Monday, November 15, 2010
The Beauty of the Law
Robert Farrar Capon has a wonderful line in which he describes the Law of God as a vision of true beauty. I will admit to stumbling over that line a few times. But he is right. The Jews had it write. It is a vision of true beauty -- the beauty of holiness, of purity, of obedience, of virtue... These things are good and holy and beautiful.
Remember that line in Amadeus when Mozart wanted to write an opera in German about a man building his marriage bed? The leaders said no to an opera that spoke of the mundane -- opera was supposed to speak of virtue and that is why the mythological gods of Greece and Rome and the fight between good and evil, were good subjects. Mozart countered that who would not rather listen to the gossip at the hair dresser than to think about virtue and the stories of the gods. Sin has turned our hearts from the beauty of the law and its virtue to the scintillating details of immorality.
I would add to Capon that the law is beauty -- a true vision of beauty -- but it is unattainable beauty. We see its impossible to attain beauty clearly only from the vantage point of faith in Christ and then the work of Christ becomes all that more beautiful. Apart from Christ the Law is like the fine art in a museum. We love to go and view its beauty but it is a beauty distant from us, separated from our daily lives like the ropes separate us from the paintings in the museum. We walk around it and ooh and ahhh but then we go home and turn on the TV where the juicy details and forbidden humor of immorality and vulgarity fit us more than the beauty of the law ever could. Until Jesus intervenes to change us and by the Spirit we learn not only to appreciate the beauty of the law but to desire its beauty and to be surrounded by its beauty all the time. It is this fruit of Christ's redeeming work that we seek the things that are above and the law becomes for us not only the pointy finger in accusation or the curb to keep us in line. It also becomes the good and glorious path that the redeemed of the Lord, whom He has declared to be holy and righteous, desire and follow (within the limits of fallen, human frailty to be sure).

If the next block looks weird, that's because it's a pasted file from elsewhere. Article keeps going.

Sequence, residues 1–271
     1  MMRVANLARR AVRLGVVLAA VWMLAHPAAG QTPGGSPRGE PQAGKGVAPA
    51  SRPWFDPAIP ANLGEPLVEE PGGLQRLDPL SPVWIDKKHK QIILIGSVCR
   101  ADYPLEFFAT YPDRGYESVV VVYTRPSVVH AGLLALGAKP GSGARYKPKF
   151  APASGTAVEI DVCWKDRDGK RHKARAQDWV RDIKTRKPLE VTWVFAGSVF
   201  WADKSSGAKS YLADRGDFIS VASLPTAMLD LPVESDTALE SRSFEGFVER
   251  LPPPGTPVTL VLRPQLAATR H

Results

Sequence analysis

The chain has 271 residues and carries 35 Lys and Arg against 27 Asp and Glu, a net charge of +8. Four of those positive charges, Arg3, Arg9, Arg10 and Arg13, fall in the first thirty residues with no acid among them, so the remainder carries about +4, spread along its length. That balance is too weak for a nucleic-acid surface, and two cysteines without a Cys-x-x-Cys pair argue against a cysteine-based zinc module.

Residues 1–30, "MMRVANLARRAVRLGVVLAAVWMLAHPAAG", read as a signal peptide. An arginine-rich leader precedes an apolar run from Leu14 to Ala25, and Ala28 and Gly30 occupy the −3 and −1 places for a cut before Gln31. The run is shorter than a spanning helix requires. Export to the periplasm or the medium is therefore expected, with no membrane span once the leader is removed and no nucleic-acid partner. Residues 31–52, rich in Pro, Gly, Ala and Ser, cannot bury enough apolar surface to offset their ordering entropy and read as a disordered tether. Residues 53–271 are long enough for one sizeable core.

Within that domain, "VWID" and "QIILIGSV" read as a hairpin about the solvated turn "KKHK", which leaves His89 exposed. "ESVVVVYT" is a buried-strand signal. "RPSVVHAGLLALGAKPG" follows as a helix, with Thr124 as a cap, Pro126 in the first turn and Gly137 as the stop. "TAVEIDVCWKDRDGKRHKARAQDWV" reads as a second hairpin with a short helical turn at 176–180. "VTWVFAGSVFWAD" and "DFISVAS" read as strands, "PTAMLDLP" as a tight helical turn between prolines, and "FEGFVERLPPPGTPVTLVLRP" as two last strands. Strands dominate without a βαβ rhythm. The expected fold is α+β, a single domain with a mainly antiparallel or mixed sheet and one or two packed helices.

The Law of God is good and wise, says the hymnwriter, and sets His will before our eyes... We don't have to run past the beauty in order to always see the law as accusatory. In Christ we can also see its beauty. And in Christ we learn to echo the words of the Psalmist: I delight in Your statutes.... I will run in the way of Your commandments when You enlarge my heart...I find my delight in Your commandments which I love...Oh, how I love Your law! It is my meditation all the day... I love Your commandments above gold, above fine gold...